Thousands of tourists come to Venice to see and take part in its magnificent Carnival; walking round in fancy dress in this city's magical scenery means taking part in a truly exceptional happening. Those mysterious, disturbing Venetian masks, eyeing you from the city's alleyways are part of what we imagine the Venetian world would have been like 300 years ago. They are an irresistible attraction for what is undoubtedly one of the world's most unique experiences: the re-living of 18th century Venice.
Wearing masks has always been more than just simple fun for the Venetians; it is still a strongly felt tradition with deep cultural roots.
Venetians were famous for being libertines and for transgression - they didn't just use masks during the official Carnival. Putting on a mask in Venice meant taking forbidden liberties: you could jibe at the powerful, gamble without being caught, take risks over love or business deals and even enter convents without being seen. A numbers of restrictive laws passed on dressing up prove how widespread the habit was.
In 1608, the Council of the Ten issued a decree, forbidding any citizen to wear masks except during the Carnival and official banquets. Masks were permitted during all important events, banquets and the main Serenissima celebrations such as Ascension day, or when the Doge climbed on the Bucintoro, or, for the flight of the Colombine when a wooden bird would shower flowers on the crowd. Impoverished nobles used masks to beg in the street and married women were forced to wear them when they went to the theatre.
The Carnival itself, meant letting-go and abandoning oneself to play; freedom, transgression and good-willed madness. Palaces opened their courtyards to celebrations and there was music and dancing all day and all night in the alleyways, small squares and even on the water. Venice was alive with sound and colour.
The most widely used mask, for which Venetians would spend absolute fortunes, was the 'bauta': it was an ample full-cut black mantle which dropped over the shoulders down to the waist. On their heads they wore the typical black, three-cornered hat (the tricorno), and on their faces a white mask called 'larva', with a widened, protruding lip that altered their voices. The bauta was used by both men and women who wore it in black in winter and white in summer.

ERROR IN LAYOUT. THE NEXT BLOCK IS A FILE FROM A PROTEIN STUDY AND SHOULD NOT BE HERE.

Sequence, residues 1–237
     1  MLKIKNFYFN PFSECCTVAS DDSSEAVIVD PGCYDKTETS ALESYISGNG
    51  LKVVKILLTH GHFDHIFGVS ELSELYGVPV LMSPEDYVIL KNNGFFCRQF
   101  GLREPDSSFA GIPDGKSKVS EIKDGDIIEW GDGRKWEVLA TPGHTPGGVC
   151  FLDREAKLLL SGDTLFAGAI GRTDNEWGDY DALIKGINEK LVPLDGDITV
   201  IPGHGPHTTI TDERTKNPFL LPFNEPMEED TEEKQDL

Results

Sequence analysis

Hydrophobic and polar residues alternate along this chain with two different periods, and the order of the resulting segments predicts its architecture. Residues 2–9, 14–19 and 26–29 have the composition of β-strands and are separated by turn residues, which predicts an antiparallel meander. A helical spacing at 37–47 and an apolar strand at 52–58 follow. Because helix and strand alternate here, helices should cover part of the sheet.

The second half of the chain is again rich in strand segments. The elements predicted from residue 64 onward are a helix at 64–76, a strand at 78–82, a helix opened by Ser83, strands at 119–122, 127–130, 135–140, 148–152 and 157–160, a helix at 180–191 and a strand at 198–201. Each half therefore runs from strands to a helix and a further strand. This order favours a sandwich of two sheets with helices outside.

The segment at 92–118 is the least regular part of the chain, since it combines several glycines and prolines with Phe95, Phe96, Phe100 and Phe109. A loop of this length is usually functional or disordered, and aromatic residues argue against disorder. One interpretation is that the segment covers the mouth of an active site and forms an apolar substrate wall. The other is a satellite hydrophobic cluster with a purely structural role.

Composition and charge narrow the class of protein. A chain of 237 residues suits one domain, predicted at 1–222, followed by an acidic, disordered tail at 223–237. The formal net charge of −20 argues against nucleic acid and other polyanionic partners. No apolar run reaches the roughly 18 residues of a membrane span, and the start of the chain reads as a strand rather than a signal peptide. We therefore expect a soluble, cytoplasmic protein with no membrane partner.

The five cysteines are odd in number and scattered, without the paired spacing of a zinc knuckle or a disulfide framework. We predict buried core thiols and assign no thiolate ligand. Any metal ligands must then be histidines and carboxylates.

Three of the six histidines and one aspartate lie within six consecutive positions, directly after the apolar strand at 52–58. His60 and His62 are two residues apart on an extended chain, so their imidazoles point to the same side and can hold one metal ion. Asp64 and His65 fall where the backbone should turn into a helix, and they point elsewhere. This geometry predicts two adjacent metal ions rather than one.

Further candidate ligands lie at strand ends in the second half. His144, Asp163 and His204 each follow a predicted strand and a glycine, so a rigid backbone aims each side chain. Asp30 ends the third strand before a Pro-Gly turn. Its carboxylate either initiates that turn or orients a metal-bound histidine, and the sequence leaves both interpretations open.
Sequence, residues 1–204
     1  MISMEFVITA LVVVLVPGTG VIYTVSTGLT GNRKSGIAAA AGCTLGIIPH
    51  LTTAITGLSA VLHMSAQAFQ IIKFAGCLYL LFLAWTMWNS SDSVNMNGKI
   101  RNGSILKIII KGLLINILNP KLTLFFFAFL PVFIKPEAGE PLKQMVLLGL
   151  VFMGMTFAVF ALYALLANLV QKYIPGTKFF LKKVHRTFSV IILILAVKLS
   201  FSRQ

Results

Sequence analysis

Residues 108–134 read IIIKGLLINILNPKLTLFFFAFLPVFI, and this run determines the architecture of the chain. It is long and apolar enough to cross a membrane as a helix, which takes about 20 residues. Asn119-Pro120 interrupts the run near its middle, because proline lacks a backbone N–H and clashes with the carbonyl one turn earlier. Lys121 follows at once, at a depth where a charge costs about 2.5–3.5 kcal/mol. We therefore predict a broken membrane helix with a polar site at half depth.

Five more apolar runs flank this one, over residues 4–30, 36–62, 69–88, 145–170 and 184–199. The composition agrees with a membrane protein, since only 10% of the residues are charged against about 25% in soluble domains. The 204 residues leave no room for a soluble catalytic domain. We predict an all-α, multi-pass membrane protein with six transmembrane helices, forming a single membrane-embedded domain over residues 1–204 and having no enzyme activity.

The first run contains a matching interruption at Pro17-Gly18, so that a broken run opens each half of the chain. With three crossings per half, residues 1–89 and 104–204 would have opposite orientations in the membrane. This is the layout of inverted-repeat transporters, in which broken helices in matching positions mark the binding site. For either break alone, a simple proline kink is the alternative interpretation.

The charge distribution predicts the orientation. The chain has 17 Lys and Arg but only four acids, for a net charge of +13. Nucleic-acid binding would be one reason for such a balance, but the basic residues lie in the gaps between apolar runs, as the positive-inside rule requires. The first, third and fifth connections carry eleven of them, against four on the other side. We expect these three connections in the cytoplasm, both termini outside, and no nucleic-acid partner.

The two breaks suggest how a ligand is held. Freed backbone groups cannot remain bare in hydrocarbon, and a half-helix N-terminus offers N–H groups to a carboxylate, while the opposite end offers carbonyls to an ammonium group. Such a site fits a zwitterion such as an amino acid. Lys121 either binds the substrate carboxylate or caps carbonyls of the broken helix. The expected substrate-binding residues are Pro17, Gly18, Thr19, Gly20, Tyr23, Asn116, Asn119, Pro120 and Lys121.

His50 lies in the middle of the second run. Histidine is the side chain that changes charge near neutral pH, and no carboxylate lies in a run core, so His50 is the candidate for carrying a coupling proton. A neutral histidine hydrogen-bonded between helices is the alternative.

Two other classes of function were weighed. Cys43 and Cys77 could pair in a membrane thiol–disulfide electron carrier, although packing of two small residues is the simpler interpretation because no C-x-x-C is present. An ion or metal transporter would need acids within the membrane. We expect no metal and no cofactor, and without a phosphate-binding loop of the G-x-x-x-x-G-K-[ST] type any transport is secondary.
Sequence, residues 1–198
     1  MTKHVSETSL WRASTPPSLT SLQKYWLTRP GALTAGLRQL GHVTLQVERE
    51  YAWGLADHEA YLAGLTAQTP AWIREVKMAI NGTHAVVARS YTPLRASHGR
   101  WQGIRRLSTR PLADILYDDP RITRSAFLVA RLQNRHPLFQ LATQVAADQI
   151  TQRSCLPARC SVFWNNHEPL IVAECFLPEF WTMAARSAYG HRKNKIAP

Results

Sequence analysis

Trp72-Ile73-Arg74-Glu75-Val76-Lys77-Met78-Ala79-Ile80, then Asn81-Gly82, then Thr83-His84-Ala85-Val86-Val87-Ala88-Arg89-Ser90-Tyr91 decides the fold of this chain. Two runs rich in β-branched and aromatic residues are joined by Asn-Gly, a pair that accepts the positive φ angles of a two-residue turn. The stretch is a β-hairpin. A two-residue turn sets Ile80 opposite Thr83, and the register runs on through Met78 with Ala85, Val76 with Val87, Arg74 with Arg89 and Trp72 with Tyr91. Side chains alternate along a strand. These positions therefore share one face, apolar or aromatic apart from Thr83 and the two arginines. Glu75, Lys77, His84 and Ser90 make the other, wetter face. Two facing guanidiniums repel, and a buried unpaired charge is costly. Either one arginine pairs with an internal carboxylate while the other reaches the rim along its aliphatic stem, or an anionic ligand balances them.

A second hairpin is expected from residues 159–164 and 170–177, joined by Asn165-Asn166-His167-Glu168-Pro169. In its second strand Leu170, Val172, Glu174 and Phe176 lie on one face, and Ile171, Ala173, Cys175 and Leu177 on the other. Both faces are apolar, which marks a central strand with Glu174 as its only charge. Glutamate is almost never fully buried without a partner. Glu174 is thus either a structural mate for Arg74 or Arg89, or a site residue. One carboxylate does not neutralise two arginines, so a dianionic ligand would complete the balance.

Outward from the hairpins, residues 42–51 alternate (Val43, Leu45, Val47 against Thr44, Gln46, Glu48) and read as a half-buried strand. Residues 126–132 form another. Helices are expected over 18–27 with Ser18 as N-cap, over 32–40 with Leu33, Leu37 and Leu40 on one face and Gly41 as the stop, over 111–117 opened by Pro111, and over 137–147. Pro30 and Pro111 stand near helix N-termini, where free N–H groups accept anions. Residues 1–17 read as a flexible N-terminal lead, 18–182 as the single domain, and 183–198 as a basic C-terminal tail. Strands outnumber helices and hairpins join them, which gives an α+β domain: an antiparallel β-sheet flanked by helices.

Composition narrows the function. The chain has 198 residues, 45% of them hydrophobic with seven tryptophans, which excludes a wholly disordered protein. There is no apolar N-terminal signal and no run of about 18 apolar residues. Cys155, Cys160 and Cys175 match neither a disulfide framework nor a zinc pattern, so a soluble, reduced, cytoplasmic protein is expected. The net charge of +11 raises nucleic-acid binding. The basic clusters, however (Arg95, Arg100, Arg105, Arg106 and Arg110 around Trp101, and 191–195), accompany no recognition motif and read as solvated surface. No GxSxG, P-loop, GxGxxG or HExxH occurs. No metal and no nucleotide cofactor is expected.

There was also a series of masks for different special occasions: one of these was the 'moretta': a black velvet oval, normally worn by women, especially when they visited convents. This was a "mute" mask: it was placed over the face and had a small button that went into the mouth to prevent speech.
The craftsmen who made masks were called 'mascareri' and had the status of painters. They were assisted by the 'targheri', who painted faces of all different kinds on the plastered surface.
Even today, while walking round Venice you come across craft shops renewing this ancient tradition.
Reaching its maximum splendour in the 18th century, the Carnival returned to new life in the 1980s and nowadays lasts a month with shows, balls, music and plays organized all over the city. The event attracts up to a million visitors a year, all competing to show off their magnificent and often very expensive costumes.
Amidst the Carnival's fairy atmosphere, Venice goes back to becoming a magic 18th century city where, as if dreaming, you could meet Giacomo Casanova, take a gondola with Carlo Goldoni, or surprise a noblewomen meeting her lover.
And Venice could even reserve us yet another honour: we could see the Doge in person walking along just a few steps away from us...